Gin Pesto

Pesto is one of those things that is conceptually super simple, but can somehow end up being an overarching term for any green, basil-based condiment. I recently rewatched Salt Fat Acid Heat again, and seeing Samin Nosrat with Lidia, grinding together pine nuts and fresh basil in a mortar and pestle in the mountains of Liguria just got to me. I don’t know if it had something to do with the insane amount of basil I had at the time or not, but it seemed like it was my destiny that day.

I got out the basil, flake sea salt, peppercorns, parmesan and olive oil and got ready to make the ultimate green sauce… and I realized that I don’t make pesto anything like Samin.

Nevertheless, I threw what I had into my little food processor and let the thing go. I tasted it periodically to make sure the balance of everything was right, and realized it was missing something – the citrusy, piney taste from the pignolias. I’ve used juniper berries before in a pinch, but I didn’t have any of those either. Sooo I decided to reach for the only thing I could think of… Gin!

Now, now… before you start thinking I’m an alcoholic or a sinner for spiking my pesto, hear me out – the bite from the juniper, the bright citrus from the lemon peel, the subtle nuances from the black pepper, almond, coriander, licorice and all of the other botanicals made an excellent addition without overpowering anything else. It brightened up the flavors much more than I thought it would, and added depth that I hadn’t thought about.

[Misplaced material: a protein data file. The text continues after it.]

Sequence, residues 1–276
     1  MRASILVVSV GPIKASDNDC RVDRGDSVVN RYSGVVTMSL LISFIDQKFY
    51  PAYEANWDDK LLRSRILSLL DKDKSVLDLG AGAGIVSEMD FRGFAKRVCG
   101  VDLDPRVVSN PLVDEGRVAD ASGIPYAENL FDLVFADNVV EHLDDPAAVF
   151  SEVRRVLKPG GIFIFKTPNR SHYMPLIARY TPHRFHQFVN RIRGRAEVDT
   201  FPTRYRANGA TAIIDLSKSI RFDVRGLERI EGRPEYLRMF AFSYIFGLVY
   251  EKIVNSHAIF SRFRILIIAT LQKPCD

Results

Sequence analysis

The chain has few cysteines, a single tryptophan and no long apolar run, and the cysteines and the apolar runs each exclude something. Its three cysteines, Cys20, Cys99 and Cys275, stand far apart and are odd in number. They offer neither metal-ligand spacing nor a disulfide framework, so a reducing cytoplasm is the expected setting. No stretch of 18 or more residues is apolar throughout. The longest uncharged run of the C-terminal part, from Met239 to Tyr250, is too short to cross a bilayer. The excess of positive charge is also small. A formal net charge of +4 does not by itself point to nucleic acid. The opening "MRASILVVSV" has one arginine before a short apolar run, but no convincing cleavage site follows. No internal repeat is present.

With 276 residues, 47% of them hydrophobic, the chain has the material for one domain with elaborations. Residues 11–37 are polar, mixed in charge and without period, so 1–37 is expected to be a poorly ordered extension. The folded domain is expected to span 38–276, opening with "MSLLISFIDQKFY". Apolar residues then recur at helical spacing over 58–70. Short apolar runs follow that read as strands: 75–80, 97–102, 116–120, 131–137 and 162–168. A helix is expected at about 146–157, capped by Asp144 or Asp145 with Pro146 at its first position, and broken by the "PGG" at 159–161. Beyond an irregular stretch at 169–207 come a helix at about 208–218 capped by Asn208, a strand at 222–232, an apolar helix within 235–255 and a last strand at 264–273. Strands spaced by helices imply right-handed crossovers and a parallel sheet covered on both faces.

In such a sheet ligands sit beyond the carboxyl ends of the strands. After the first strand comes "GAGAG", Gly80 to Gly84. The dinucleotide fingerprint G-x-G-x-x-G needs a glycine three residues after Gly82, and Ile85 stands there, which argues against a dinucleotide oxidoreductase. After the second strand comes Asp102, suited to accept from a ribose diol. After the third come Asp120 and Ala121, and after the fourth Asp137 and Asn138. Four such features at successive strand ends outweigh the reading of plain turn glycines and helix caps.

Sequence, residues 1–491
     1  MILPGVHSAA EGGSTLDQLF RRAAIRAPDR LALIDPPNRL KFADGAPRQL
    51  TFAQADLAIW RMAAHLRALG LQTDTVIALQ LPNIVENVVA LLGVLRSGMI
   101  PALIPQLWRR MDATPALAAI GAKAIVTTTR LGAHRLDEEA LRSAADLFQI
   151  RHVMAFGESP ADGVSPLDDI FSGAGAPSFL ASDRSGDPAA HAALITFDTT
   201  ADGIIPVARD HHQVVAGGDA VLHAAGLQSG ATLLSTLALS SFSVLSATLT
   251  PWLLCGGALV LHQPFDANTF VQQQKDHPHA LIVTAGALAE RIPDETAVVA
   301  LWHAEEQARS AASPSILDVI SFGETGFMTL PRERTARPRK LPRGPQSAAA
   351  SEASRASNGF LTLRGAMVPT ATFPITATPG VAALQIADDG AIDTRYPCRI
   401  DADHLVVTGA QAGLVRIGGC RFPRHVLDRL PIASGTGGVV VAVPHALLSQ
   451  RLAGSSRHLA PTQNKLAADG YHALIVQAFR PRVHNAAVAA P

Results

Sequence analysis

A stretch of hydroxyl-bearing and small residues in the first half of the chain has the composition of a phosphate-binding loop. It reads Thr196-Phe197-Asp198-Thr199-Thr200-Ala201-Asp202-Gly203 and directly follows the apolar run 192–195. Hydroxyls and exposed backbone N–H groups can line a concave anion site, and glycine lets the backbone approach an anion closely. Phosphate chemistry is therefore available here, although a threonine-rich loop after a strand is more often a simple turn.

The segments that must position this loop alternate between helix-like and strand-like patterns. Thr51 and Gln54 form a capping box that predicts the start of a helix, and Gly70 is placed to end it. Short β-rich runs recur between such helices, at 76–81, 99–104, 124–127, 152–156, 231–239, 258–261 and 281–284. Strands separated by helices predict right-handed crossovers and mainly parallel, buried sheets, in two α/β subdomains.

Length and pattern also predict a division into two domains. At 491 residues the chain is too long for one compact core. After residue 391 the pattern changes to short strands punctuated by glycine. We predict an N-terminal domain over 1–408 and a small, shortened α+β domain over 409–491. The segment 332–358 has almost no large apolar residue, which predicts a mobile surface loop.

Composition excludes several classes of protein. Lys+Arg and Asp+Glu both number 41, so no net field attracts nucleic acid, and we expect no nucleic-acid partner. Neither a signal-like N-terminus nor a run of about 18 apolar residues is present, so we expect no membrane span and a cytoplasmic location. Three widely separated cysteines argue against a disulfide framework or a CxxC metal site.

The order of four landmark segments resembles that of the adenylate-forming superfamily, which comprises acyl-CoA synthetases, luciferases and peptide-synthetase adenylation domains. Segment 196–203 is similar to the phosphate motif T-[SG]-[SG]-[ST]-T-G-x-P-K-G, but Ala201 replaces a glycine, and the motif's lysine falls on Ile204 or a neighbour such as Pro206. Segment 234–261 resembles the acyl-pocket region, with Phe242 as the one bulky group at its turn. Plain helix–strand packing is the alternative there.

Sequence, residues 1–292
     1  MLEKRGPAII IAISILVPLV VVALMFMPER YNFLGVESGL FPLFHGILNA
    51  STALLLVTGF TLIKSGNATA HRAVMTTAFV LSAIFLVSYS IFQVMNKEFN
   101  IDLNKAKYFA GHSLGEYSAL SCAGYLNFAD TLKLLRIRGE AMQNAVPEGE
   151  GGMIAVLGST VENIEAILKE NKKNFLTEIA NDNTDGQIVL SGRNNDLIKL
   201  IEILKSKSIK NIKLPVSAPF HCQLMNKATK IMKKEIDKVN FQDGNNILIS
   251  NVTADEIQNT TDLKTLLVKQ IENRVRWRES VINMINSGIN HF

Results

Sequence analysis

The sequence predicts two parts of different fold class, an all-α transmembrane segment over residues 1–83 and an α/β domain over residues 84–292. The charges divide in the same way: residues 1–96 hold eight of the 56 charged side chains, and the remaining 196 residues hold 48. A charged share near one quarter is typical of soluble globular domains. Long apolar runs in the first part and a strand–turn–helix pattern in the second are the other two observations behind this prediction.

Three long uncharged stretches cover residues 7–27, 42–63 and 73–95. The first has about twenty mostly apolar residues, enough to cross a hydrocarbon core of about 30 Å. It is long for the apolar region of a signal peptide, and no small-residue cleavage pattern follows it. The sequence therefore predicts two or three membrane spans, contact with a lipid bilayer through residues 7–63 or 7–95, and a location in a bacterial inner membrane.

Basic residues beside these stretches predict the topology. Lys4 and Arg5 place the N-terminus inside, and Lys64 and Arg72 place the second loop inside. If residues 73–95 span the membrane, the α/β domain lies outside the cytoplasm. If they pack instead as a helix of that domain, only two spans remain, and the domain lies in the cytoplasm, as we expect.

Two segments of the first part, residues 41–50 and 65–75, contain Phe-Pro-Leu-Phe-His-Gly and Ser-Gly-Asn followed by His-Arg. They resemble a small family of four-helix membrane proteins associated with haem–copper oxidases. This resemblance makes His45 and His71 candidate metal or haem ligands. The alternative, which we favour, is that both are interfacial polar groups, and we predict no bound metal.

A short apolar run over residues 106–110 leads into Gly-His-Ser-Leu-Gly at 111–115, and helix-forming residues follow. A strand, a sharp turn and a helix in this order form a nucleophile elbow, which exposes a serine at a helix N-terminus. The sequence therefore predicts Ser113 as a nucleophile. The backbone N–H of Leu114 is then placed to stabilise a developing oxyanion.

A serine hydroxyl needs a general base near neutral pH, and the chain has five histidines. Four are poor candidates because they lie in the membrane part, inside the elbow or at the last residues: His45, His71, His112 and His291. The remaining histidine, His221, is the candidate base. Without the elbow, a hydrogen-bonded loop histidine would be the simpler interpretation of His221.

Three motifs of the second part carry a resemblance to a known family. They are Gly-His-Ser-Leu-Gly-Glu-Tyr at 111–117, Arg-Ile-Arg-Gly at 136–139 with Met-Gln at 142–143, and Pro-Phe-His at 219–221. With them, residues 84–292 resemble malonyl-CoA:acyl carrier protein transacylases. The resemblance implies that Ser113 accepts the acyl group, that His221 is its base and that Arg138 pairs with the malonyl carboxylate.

So don’t knock it ’til you try it!

Gin Pesto

  • 2 1/2c. packed, fresh basil leaves
  • 1 tsp flake sea salt, such as Maldon – or to taste
  • 1c. fresh grated parmesan or reggiano cheese
  • 1/2c. good olive oil
  • 1 large, or two small cloves of garlic, peeled; smashed, minced or whole is fine
  • 1 – 1 1/2 tbsp gin*
  1. Place basil, garlic, salt, and pepper into food processor or blender, and give it a few good pulses just to get things started. Add half of the olive oil and blend for 10 seconds until it starts to come together. Add in the grated cheese and pulse a few more times.
  2. You can choose how you want to put in the rest of the oil and the gin – keeping in mind that it will effect the consistency of the final product.**
    Continue to pulse until your desired consistency is reached.
    Serve on top of pasta, veggies, grilled chicken, as a sauce on pizza, or for pretty much anything else you can think of!
Rustic Zucchini, Tomato and Pesto Tart

Notes and Variations

*I prefer Bombay Sapphire for most cocktails, so that’s what I have on hand at any given time. If you have a different preference, go for it! Keep in mind though that since pesto is fresh, you will get the flavor profile of whatever gin you use.

**Depending on the order and amount you put in if the remaining oil and the gin, your results can vary quite a bit. So it may take a few trial runs to really nail down your perfect ratio.

I love a strong piney and citrusy pesto, so I added in the gin before the rest of the oil to make sure I got that flavor before thinning it out too much.

If you would like a stronger olive oil flavor, and some more oil before putting in the gin, or halving the gin to keep the desired consistency.

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